By SUSAN JONES
The budget approved today by Pitt’s Board of Trustees executive committee includes a salary freeze, no tuition hikes, a 78 percent reduction in capital spending and a permanent budget cut of 3.7 percent across the board on average, along with a one-time cut of 5 percent.
“This will be a challenging year for everyone at Pitt,” Hari Sastry, Pitt’s chief financial officer, said at the online committee meeting. “I appreciate the collaboration of our budget planning partners as we work together to create sustainable outcomes in support of the University.”
Both the operating budget for 2020-21 — $2.4 billion — and the research base — $878 million — are the same as the previous fiscal year. But the educational and general budget will shrink from $930 million last year to $878 million for 2020-21, and the capital budget will drop from $641 million to $140 million.
Pitt’s revenue comes from several sources, including money from the state, which has been approved to be the same as last year, and disbursement from the endowment, which the board decided to keep at the current rate of between 4.25 and 4.75 percent.
Tuition and room and board costs will remain the same as last year, Sastry said, in response to "the financial hardship COVID-19 will continue to have on our students and their families." For that same reason, the Pitt Success Program, which provides increased financial aid to students, has been fully funded in the budget.
Sastry said at the end of the fiscal year in June, COVID-19 related net costs and lost revenue totaled $50 million. It was clear during the budget process, he said, that there was a gap between expected revenues and expenses.
“The magnitude of that gap, along with the uncertainty of future costs related to the pandemic, drove several difficult decisions,” he said, such as freezing salaries for faculty and staff and continuing a University-wide controlled hiring process that began in April.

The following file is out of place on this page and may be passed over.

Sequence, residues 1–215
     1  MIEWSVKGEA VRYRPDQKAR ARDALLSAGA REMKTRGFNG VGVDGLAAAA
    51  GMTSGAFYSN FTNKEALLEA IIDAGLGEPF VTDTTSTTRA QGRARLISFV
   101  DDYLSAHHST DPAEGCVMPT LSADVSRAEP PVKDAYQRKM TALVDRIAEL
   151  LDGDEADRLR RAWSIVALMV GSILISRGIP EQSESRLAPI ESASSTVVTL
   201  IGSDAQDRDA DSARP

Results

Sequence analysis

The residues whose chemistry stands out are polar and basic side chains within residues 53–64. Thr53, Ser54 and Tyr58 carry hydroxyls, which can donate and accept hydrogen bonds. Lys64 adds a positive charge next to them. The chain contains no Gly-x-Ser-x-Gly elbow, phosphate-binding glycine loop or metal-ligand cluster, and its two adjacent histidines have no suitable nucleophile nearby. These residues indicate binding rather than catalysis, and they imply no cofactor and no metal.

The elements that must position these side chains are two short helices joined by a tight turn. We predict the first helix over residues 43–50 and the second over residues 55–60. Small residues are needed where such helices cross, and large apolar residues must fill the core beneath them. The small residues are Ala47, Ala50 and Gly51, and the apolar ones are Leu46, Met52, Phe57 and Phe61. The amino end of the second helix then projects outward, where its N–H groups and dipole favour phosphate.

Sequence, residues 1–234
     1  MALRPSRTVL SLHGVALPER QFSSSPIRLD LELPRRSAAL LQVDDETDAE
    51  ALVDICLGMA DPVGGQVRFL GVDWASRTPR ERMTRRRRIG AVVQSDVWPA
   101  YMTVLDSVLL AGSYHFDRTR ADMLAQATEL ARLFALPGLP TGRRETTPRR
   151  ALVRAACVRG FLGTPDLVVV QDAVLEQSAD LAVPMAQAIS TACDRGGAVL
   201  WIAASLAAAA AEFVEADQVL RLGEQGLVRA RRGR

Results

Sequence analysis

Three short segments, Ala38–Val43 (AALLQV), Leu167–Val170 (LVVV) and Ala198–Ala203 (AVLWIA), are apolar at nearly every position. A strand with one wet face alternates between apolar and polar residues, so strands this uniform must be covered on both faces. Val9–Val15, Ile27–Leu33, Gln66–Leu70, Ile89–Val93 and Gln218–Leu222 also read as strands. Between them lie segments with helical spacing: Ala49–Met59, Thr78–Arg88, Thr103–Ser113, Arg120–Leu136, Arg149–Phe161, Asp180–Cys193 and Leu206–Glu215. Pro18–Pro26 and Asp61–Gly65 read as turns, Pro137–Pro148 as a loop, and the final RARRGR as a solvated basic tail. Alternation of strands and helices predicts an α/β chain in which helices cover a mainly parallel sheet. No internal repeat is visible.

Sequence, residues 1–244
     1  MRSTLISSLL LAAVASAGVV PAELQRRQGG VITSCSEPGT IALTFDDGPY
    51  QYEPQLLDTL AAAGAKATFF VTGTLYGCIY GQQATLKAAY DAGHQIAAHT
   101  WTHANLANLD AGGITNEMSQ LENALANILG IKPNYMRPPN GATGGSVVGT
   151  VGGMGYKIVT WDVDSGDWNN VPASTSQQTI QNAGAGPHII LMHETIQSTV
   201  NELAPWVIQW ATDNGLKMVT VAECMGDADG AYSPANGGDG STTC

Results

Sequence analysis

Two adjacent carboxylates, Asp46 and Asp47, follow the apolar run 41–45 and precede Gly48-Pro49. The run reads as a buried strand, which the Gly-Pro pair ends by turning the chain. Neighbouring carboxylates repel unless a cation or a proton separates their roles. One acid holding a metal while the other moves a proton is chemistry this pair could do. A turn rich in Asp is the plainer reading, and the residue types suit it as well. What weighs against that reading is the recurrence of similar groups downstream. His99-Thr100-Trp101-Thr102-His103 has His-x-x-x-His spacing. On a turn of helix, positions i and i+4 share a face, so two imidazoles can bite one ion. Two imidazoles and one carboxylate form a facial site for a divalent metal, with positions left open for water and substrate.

Chancellor Patrick Gallagher said after the meeting that the 3.7 percent permanent budget cut is designed to improve efficiencies in non-academic and support roles. Even before the pandemic, Gallagher said, the budget on the operational side was getting tight and inflation was eating away at the margins.
The long-term goal with this cut, Gallagher said, is have “more of our operational dollars going to our schools and programs and relatively less going to our support activities, … and you try to do that by getting more efficient in the kinds of administrative and technology support services that we offer.”
He said they will be looking at consolidating services, particularly as people take advantage of the retirement incentives being offered, and removing duplication of services, such as the merger last year of Pitt’s Financial Information Systems team with the Computing Services and Systems Development team to form Pitt IT.
The one-time 5 percent cut is designed to absorb the costs associated with the pandemic, Gallagher said, such as new technology, modifications to classrooms, testing for the virus and contract tracing.
“The reductions of buying less supplies, doing less travel, those kind of things which you can do once but you can’t do in a sustained way, are designed to offset those costs,” he said.